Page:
Derek M. Fox is an author/creative writing tutor from Derbyshire in the UK. He has steered 72 students into publication, and his own credits include countless short stories (his tale 'Porcelain' from F20 received an honorable mention from Ellen Datlow in the US), two novels - the popular Recluse and Demon - two collections, Treading on the Past and Through Dark Eyes (the latter out now in trade paperback from Cosmos), plus Heart of Shadows - which examines Lord Byron's association with Newstead Abbey. Current projects on the boil are a fiction follow-up to Heart... called Sinister Quartet, stories in the collections Cold Touch and Beneath the Ground, and a stage play called Boiler Suits, Bofors and Bullets based on workers in a munitions factory during the war. Derek also contributes a writing column to the Alien Online website (at alienonline.com).
'MARIAN'S REALLY SCREWED UP since Peter, died.' Alan Oakley glanced at Matt, inviting his reaction.
'Died?' Matt Sheridan frowned. 'Not what I heard.'
'She took some understanding.' Alan snorted derisively, 'Some impression I made on her at Christmas!'
'So Peter was her lover?' A headache niggled as something cruel and substantial invaded Matt's mind.
'She was emotional,' Alan stated. 'Kept repeating: "He won't be dead".'
Christ! What brought this on? Matt should back off, deal with the paperwork but the revelation wouldn't let him.
Barely an hour ago, Alan had asked: 'Do they move?' before closing the vertical blind, eyes narrowed against Spring's brilliant sunshine dancing in the chrome, modern office furniture.
'You've lost me.' Matt, sipping Perrier, lolled in his chair behind a black ash desk. 'Help yourself, Al.'
Oakley, dressed remarkably outre for a metaphysicist, declined and settled himself on the soft leather couch. 'So what do you think, do shadows move?'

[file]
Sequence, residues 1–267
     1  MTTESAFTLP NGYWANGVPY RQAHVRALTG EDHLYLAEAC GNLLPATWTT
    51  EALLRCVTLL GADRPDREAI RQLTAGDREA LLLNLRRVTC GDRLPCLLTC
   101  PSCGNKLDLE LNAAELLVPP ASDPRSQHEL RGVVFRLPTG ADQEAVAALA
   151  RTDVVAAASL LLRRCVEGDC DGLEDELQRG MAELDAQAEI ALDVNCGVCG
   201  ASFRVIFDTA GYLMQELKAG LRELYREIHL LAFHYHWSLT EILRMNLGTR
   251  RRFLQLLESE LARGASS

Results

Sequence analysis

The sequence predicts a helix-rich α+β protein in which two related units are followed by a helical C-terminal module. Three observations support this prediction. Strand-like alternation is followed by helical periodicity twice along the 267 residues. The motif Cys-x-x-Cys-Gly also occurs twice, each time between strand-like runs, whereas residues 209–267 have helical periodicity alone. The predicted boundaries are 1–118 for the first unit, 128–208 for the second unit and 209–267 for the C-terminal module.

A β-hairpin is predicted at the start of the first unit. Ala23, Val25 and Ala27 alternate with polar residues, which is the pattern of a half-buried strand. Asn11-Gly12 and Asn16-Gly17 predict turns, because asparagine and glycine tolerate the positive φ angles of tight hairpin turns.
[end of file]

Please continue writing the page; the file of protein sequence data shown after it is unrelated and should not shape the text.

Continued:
Matt appraised the younger man. Red socks, purple trousers. Ouch! 'You're preoccupied, Al, what's bugging you?' Sweating despite the air-conditioning, Matt patted his face with a handkerchief. 'A slightly fatuous question. If an object's shadow enjoys mobility - vehicle, animal, person - then it's bloody obvious.'
Draping his cord jacket over an armchair, Matt loosened his tie. 'I'm amazed that with your knowledge you state early college studies at me; your work in light refraction is exemplary.'
'Yeah, but things aren't always obvious,' Alan said sharply. 'Look, I value your status and input especially when problems arise. We go back some way, so talk to me.' He threw a smirk. 'OK, maybe agonized over my approach. I mean, the problem's-' He broke off not wishing to tread on glass. He couldn't tell Matt that the problem wore at him like sun on skin. "Tampering with natural law" they called it. And he'd guessed how Matt felt about trim, twenty-five year old, elfin-faced Marian Lloyd, she in turn gravitating towards the older man's fatherly image rather than Oakley's heart-on-sleeve attitude.
That's Marian and Alan had to agree that in business terms at least she did belong to Matt.
Why then did he allow an unfulfilled argument to exist between them, ongoing since the Christmas party?
They'd been well pissed, quietly determining their very meaningful, intimate thoughts concerning her, with nothing resolved. Months on, pressure of work had forced pleasure to take a back seat; it also indicated that something didn't sit right, Alan believing Matt sounded too blasé.